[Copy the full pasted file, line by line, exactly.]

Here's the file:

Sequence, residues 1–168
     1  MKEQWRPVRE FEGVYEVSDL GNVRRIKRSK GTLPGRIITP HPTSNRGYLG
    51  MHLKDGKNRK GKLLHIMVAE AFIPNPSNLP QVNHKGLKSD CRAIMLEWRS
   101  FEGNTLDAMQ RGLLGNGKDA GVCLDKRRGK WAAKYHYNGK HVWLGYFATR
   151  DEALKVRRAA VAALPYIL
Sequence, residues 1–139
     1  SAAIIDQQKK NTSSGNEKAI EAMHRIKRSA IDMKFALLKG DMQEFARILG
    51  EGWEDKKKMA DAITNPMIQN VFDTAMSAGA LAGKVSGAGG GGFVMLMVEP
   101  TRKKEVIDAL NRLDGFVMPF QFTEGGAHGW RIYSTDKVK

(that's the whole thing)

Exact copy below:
Sequence, residues 1–168
     1  MKEQWRPVRE FEGVYEVSDL GNVRRIKRSK GTLPGRIITP HPTSNRGYLG
    51  MHLKDGKNRK GKLLHIMVAE AFIPNPSNLP QVNHKGLKSD CRAIMLEWRS
   101  FEGNTLDAMQ RGLLGNGKDA GVCLDKRRGK WAAKYHYNGK HVWLGYFATR
   151  DEALKVRRAA VAALPYIL
Sequence, residues 1–139
     1  SAAIIDQQKK NTSSGNEKAI EAMHRIKRSA IDMKFALLKG DMQEFARILG
    51  EGWEDKKKMA DAITNPMIQN VFDTAMSAGA LAGKVSGAGG GGFVMLMVEP
   101  TRKKEVIDAL NRLDGFVMPF QFTEGGAHGW RIYSTDKVK